The Little Review (littlereview) wrote,
The Little Review

Poem for Tuesday

By Louise Gluck

What can I tell you that you don't know
that will make you tremble again?

by the roadside, by
wet rocks, on the embankments
underplanted with hyacinth --

For ten years I was happy.
You were there; in a sense,
you were always with me, the house, the garden
constantly lit,
not with lights as we have in the sky
but with those emblems of light
which are more powerful, being
implicitly some earthly
thing transformed --

And all of it vanished,
reabsorbed into impassive process. Then
what will we see by,
now that the yellow torches have become
green branches?


Mary Karr wrote of Louise Gluck in Sunday's Poet's Choice in The Washington Post Book World, "In Proofs and Theories, her book of essays on poetry, she explains, 'I do not think that more information always makes a richer poem. I am attracted to ellipsis, to the unsaid, to suggestion...' The way mere ruins of the Coliseum evoke lost grandeur more than a newly articulated structure, or the way a few strokes from Picasso conjure a whole guitar, so Gluck's plain speech makes maximum impact in smallest space."

On Monday I discovered that I had a coupon for a free photo book on Shutterfly that had to be used by the start of April, so in addition to doing laundries, I spent most of the day making a photo book from our 2003 trip driving from Maryland to Los Angeles to Seattle and home again -- a trip we are repeating in part, though we're skipping most of the Southwest in favor of places we didn't get to in the middle of the country last time, and coming home through different national parks in Montana and Utah, though we're also visiting Yellowstone and Devil's Tower in addition to apaulled's cousins in Boise. So that's where I'll be while people are at Shore Leave and Portus and Terminus and Toronto Trek. Now I just have to make photo books from our trips to L.A. for various relatives' time I have a Shutterfly coupon!

A statue of a cat from ancient Egypt, its hollow interior suggesting that it was designed to contain a cat mummy.

Cats were elaborately mummified like this one in honor of Bastet, whose cult led to two seemingly contradictory trends: reverence for living household cats so great that a cat murderer could be lynched, and slaughter of kittens as sacrifices to be dedicated to the goddess at her shrines.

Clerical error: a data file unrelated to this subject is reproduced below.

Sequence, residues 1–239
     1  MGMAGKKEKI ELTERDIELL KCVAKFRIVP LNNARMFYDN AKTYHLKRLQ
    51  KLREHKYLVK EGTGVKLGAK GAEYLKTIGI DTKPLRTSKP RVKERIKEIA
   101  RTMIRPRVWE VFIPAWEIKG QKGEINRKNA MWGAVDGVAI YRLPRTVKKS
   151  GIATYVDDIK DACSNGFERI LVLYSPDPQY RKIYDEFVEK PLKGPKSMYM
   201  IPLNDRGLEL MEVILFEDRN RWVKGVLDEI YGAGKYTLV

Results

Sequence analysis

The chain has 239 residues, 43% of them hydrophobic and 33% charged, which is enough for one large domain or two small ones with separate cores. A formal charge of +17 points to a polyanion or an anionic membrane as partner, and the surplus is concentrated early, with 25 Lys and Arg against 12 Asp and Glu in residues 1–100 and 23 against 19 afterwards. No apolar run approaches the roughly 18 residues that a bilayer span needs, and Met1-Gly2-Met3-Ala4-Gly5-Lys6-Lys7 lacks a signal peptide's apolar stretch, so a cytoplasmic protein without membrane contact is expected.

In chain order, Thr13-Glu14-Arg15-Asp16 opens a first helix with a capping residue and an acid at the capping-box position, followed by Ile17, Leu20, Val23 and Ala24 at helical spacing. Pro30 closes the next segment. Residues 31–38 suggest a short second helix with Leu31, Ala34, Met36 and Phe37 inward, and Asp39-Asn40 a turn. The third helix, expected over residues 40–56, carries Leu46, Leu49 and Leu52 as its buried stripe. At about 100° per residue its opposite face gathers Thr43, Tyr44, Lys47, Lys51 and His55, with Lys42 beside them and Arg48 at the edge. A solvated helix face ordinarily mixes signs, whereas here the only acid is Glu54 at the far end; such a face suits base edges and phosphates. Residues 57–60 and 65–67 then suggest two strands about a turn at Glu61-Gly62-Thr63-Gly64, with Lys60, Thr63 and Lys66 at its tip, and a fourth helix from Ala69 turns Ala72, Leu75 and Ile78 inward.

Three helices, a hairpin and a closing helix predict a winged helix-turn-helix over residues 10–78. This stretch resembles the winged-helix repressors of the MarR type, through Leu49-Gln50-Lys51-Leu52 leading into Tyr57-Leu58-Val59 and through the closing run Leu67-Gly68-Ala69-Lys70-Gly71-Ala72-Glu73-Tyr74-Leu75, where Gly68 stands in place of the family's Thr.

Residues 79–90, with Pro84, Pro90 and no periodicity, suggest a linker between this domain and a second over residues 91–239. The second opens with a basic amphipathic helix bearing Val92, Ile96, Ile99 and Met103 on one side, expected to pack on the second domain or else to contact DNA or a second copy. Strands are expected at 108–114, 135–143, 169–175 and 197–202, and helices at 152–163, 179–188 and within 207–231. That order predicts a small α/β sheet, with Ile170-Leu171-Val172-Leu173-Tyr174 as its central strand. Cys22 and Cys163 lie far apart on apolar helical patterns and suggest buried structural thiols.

This small cat statue was found among other household items.

This stylized limestone lion, however, represented a royal pet with a ruler's name on the cartouche on its chest.

A head of the more warlike protector Sekhmet, a goddess believed to send plagues to the enemies of Egypt while helping ward off disease among her followers. This statue is from the reign of Amenhotep III.

A solid gold and chalcedony amulet of Sekhmet from Memphis, whose patron god, Ptah, was believed to be her consort.

And a Sekhmet from Thebes, probably created around 1400 BCE, believed to have been set up in the Mut Temple at Karnak by Amenhotep III, then moved to the West Bank of the Nile by Rameses II.

apaulled got a $50 Red Lobster gift card as a gift along with his bonus at work, so we went out to dinner to celebrate, meaning that I have now eaten way too much for three days in a row, but it was worth it -- we ended up sharing our coconut shrimp, crab linguini, salmon, stuffed flounder, scampi, etc. Then we came home and watched New Amsterdam, which continues not to be as good as I wish it was but is still entertaining enough to watch, though tomorrow night I'm catching up on The Tudors now that the second season has started. (The Armory Show, with that schmaltzy stuff? Oh please.) Then we watched the Lady Terrapins (a top seed) lose to Stanford (a number two seed) in a very good game in which it looked briefly like Stanford was going to blow Maryland out, then it looked briefly like Maryland was going to come roaring back, but in the end, it was Stanford. Oh well! Happy April Fool's Day!

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